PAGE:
This paper contributes to the analysis of where and how both exploitation and exploration may take place inside and between communities and organizations. It connects with the discussion of differences between communities of practice and epistemic communities. The analysis allows for differences in cognition within communities of practice (‘cognitive distance’). Such distance yields potential novelty but creates problems in utilizing that potential. In communities of practice and epistemic communities different trade-offs are made between the advantages and disadvantages of cognitive distance. Communities of practice are more oriented at exploitation, at relatively small cognitive distance. Exploration may take place in epistemic communities, with larger internal cognitive distance, but may also arise from interaction between different communities of practice, utilizing the distance between them. Organizations serve to provide the basis for the governance of such interaction. This, however, does limit the cognitive distance, and hence exploration potential, within an organization. For more radical exploration, interaction is needed between organizations, at the price of greater efforts to set up and govern collaboration. Next to communities of practice, epistemic communities and organizations, the analysis also includes communities of professionals across different organizations. They also have a role to play in a wider system of organizational forms for exploitation and exploration.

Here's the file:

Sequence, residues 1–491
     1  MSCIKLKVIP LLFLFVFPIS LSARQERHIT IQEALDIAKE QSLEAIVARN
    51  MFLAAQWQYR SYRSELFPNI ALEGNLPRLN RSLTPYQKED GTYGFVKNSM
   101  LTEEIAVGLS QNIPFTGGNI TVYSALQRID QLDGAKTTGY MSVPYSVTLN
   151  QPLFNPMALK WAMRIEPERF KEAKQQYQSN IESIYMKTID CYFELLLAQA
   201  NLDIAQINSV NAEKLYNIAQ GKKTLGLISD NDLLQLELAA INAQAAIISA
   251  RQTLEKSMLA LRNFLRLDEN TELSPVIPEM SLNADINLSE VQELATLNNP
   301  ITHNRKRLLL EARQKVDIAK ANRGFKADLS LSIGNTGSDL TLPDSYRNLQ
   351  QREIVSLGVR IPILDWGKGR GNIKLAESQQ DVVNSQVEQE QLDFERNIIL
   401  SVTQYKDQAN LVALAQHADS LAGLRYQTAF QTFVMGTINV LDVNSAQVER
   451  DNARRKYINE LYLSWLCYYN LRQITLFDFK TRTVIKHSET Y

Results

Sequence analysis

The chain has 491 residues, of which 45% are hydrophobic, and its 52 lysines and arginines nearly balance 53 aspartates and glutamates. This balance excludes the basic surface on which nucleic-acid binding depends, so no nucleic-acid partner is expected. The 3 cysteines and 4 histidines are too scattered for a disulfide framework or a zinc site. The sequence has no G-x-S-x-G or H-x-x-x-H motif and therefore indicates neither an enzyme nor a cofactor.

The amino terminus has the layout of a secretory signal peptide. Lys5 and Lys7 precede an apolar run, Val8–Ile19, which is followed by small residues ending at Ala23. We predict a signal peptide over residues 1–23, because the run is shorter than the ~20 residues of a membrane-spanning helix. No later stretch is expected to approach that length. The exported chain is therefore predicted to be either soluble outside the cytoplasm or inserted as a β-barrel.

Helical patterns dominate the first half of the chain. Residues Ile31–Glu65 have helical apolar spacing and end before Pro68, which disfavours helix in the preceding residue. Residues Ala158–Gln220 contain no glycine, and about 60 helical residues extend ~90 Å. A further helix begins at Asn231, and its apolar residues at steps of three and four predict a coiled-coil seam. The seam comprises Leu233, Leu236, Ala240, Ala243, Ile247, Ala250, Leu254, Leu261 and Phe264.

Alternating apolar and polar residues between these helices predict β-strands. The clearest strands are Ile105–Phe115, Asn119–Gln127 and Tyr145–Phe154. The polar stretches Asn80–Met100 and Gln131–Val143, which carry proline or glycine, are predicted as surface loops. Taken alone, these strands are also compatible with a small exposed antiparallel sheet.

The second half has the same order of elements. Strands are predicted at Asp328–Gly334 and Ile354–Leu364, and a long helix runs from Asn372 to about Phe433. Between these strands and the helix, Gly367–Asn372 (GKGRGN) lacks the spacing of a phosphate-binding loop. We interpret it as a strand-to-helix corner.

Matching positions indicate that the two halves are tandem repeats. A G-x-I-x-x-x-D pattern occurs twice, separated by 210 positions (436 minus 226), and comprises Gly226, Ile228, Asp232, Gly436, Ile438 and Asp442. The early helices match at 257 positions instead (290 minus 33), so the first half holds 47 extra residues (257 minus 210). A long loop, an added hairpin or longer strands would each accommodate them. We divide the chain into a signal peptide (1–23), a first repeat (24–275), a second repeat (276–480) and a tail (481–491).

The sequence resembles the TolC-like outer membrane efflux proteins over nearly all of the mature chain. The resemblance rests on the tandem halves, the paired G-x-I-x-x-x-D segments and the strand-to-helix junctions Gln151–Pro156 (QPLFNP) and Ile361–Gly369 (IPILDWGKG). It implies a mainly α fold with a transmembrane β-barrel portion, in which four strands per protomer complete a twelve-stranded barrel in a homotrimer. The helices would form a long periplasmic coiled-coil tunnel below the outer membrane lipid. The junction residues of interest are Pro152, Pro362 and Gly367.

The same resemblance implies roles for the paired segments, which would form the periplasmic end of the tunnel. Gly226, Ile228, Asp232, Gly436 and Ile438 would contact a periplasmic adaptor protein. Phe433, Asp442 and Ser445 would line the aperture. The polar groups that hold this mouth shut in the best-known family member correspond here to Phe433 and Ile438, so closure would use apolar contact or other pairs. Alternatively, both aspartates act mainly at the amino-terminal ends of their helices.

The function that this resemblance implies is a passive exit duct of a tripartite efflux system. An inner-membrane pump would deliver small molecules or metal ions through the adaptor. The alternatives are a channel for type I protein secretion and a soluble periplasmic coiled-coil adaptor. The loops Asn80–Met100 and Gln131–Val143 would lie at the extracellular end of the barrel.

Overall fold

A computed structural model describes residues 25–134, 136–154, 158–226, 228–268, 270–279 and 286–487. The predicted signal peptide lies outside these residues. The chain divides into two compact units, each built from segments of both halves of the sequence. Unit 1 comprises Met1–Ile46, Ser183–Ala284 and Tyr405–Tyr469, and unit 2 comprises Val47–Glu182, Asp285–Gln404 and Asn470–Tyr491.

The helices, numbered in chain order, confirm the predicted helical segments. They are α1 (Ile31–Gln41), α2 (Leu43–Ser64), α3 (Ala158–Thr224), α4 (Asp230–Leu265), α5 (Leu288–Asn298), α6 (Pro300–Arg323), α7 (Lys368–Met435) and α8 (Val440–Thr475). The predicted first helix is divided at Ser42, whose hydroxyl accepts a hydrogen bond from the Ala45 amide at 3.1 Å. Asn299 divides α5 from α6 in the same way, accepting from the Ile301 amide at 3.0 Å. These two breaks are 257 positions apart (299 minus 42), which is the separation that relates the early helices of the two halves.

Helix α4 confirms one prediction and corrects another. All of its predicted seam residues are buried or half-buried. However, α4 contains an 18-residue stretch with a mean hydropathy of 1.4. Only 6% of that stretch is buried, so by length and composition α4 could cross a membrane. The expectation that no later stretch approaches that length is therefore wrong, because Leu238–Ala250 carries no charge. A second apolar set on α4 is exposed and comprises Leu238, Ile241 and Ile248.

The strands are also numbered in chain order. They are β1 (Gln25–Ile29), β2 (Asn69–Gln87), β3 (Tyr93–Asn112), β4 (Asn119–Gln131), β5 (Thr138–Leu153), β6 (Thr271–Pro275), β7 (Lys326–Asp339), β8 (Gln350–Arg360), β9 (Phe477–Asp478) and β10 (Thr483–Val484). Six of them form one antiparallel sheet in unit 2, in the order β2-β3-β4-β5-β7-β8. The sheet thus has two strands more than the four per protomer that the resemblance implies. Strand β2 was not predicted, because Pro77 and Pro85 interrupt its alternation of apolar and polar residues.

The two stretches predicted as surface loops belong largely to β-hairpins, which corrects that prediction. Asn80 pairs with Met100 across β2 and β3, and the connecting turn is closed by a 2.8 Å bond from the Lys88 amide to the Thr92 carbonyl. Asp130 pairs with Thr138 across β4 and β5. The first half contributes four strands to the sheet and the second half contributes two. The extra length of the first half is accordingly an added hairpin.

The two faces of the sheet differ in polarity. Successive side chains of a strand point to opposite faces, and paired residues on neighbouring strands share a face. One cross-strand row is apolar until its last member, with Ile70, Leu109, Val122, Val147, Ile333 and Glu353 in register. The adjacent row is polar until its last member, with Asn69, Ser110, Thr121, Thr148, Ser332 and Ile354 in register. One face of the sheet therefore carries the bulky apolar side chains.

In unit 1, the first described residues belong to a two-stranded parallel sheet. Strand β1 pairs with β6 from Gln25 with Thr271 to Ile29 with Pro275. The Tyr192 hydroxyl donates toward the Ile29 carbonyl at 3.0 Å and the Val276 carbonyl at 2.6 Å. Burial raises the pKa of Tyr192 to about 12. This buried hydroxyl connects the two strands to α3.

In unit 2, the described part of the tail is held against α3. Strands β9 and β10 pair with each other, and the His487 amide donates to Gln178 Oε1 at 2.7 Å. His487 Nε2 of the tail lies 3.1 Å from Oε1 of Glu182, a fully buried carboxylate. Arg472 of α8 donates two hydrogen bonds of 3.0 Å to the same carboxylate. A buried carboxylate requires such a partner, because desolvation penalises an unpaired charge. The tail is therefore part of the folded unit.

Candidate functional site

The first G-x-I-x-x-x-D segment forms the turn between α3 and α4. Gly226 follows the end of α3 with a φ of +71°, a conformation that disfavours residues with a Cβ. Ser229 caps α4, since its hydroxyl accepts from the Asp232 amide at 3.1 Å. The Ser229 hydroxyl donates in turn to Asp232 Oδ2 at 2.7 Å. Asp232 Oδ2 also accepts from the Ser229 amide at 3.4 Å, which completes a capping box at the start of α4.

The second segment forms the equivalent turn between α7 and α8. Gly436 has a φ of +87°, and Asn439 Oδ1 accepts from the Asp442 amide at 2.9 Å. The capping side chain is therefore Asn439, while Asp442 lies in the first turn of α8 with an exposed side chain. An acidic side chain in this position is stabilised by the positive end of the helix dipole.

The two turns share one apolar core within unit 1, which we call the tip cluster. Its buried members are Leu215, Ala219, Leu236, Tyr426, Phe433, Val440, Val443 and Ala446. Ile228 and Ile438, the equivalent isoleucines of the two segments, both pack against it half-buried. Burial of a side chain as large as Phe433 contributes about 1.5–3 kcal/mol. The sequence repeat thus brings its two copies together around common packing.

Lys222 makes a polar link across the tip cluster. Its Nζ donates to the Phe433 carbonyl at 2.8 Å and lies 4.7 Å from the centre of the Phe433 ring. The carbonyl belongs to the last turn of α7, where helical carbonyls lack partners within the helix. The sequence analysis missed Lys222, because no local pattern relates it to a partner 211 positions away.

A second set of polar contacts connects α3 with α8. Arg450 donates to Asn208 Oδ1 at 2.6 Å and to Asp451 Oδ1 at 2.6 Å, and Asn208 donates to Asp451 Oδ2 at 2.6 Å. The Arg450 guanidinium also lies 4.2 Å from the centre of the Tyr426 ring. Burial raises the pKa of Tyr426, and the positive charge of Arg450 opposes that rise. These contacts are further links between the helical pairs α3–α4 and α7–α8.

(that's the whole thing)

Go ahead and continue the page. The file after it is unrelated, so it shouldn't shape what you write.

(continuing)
|Place of Publication||Tilburg|
|Number of pages||25|
|Publication status||Published - 2007|
|Name||CentER Discussion Paper|
- exploration and exploitation
- communities of practice